Bebe Taian: Book Review: Art of Edo Japan - Christine Guth

May 25, 2012

Book Review: Art of Edo Japan - Christine Guth

I checked out some books this week to get some ideas for BT. I hope to read all of them soon and maybe have some reviews!

I had no idea how many books on Japanese culture were in my library system. Five years ago, we had maybe a third of these! I think it is because there is now a greater presence and demand for them, especially since the local university has two Japanese language/culture programs. This makes me very happy.

The first book up for review is "Art of Edo Japan: The Artist and the City, 1615-1868", by Christine Guth. At 176 pages, it isn't a giant tome, and is a bit shorter than a novel. Many colour photos are included. My copy was printed in 1996. Subsequent editions seem to have different cover art.

The cover is initially engaging, a dark, clean image of Hiroshige's 'Fireworks Over Ryouguku Bridge' (1857), the title superimposed in a burnt orange. The back is the same orange, with a summary detailing the approach to the critique of Edo period of art, noting that the lens of viewing in this circumstance is that "of an urban perspective".

The opening pages have a clean layout, and covers Edo art not just from Edo (old Tokyo) itself, but the Edo period. There is a section each for Kyoto, Edo, Osaka and Nagasaki (one part), and 'Itinerant, Provincial, and Rural Artists'. Included is also a timeline at the back, detailing each province on a grid, divided by 50 year increments, and some major events that occurred at the time, which influenced the art of the area. Also included are the approximate deaths of many artists.

The subject matter itself does not focus on ukiyo-e strictly, but relies heavily on it for portrayals of life during the Edo period. Textiles, tea ceremony, and other forms of art are discussed, mostly to help the reader understand the culture of the time and how people viewed such activities. According to her, there were Four Accomplishments which any person must possess to be seen as cultured: music, painting, calligraphy, and games of skill. This was because they were also highly prized in China, which had a surprising amount of influence on the trends in Edo at the time.

The section on Kyoto shows an impressive set of folding screens, all of them painted beautifully. Most of the Kyoto art deals with various forms of painting, including textile art. Details of some artists' lives are discussed, as are the Maruyama-Shijou School, the Literati movement of the 1700s, and some 'individualist' artists, who were believed to have special status due to their eccentricities. Oddities in an artist were seen as a sign of creativity and the mark of a special talent in art.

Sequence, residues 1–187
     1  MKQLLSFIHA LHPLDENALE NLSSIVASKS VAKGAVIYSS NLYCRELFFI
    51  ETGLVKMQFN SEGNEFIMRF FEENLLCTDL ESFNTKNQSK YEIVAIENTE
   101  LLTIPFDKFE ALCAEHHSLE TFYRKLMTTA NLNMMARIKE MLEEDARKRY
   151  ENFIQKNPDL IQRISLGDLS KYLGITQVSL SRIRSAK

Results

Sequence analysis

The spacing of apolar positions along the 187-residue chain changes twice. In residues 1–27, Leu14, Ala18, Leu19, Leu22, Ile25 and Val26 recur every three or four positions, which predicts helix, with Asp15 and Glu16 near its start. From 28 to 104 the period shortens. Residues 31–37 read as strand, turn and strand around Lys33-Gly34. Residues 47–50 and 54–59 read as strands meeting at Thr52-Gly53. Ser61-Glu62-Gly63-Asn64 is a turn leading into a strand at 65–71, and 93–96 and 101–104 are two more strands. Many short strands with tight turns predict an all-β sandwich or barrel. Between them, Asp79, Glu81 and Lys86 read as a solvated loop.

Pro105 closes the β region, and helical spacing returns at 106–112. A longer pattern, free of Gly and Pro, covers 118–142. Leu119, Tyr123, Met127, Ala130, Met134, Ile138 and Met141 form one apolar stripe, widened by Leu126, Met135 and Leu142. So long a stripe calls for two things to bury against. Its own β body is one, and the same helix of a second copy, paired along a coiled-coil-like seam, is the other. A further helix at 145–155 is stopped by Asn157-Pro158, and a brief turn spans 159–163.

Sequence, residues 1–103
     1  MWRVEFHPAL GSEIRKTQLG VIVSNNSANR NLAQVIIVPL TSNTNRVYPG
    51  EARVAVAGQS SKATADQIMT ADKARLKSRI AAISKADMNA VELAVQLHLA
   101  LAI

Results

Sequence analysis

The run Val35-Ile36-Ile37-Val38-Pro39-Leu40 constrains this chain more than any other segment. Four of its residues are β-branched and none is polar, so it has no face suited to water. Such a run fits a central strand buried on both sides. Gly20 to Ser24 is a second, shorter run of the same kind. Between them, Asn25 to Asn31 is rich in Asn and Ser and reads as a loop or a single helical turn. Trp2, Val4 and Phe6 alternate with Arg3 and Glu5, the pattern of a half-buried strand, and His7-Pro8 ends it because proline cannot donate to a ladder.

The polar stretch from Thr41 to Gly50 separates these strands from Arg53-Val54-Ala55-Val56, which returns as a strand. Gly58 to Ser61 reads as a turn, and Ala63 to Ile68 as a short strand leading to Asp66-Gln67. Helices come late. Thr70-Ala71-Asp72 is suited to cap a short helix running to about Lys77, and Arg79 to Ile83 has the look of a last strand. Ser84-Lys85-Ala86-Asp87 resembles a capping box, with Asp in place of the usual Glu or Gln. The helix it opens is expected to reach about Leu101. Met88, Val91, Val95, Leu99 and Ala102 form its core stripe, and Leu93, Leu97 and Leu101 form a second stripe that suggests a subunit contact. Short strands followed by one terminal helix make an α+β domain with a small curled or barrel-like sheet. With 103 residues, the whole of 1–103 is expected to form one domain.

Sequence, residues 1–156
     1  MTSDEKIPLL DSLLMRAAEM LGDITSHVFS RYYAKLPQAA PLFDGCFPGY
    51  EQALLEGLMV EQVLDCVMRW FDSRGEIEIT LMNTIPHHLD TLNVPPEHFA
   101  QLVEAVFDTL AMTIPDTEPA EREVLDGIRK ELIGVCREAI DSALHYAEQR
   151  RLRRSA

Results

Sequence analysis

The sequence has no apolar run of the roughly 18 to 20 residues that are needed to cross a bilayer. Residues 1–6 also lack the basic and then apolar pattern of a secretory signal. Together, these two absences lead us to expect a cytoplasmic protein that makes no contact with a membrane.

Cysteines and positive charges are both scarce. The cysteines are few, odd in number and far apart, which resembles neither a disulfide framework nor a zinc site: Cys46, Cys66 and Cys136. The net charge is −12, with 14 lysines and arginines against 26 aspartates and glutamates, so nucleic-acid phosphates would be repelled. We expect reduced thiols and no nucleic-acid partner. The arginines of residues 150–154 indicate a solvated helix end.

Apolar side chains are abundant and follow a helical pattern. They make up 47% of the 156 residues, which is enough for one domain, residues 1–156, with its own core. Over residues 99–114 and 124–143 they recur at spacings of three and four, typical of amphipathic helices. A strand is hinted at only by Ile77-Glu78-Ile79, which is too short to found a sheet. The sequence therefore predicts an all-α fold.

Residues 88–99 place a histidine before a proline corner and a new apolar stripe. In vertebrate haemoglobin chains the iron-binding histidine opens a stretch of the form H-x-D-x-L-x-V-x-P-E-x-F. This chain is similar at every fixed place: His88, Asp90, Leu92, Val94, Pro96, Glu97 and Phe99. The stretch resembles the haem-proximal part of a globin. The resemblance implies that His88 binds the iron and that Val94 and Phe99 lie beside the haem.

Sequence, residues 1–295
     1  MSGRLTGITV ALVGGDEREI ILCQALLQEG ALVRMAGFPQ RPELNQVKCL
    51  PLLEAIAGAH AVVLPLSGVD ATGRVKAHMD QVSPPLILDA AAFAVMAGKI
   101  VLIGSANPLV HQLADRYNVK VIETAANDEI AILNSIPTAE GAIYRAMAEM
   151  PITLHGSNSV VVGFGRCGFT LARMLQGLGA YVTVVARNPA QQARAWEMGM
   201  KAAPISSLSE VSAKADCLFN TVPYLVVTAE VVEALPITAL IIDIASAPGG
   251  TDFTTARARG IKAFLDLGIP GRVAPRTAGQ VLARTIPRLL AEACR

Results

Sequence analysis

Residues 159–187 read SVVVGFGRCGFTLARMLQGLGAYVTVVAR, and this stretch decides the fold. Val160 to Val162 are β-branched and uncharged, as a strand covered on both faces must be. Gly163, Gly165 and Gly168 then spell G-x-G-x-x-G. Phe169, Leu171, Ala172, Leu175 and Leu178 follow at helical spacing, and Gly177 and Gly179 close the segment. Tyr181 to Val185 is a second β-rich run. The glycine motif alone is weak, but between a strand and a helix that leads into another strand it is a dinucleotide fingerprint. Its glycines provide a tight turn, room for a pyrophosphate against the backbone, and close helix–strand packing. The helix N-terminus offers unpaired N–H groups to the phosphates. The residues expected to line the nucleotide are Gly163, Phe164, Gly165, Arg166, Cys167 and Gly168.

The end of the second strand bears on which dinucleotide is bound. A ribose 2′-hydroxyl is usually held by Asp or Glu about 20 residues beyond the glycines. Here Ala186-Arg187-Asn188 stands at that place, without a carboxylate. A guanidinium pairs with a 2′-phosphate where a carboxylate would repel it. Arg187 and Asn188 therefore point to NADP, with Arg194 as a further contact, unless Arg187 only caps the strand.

Edo (the city) covers Ieyasu, Kiyonaga, Hokusai, Kunisada, the Kano School, the transition from black and white drawings to polychrome woodblock prints, and quite a few interesting events. Plenty of larger, full-colour prints are included.

Osaka and Nagasaki seemed to have a very different approach to art, compared to the traditional Edo styles we know. Portraits were sometimes much more realistic, including fine shading of the skin, details of folds and shadows in clothing, and more defined features. Keiga especially was a master of this style. However, the style and popularity of Edo-style ukiyo-e was not lost, even here. Nagasaki was also an outlet for artists seeking outside influences, namely European (the Dutch and Portuguese were the big players then) and Chinese. Foreigners were still largely banned from the country, and were heavily restricted simply because Japan depended on some of their imports. The 'otherness' of these cultures provided fresh ideas for these exploratory artists.

The last section, on itinerant and rural artists, includes some mentions of Okinawan clothing, wood carvings from various places, pottery, and some paintings. I think the section could have been larger, but overall, it makes sense given the context and focus on the more urban areas, which were more thoroughly documented due to their popularity.

It's an interesting read for the art scholar and enthusiast, but if you're just looking for nice pictures to look at, this book is probably not for you. If, however, you are looking for something more involved than a collection of images divided by artist or somesuch, and want to know more about life in the Edo period in reference to the art forms of that time, give it a try. At fewer than 200 pages, including glossary and timelines, it's a scholarly guide without being dry and massive like a college textbook, covering not only the most famous of artists but also some lesser-known ones.

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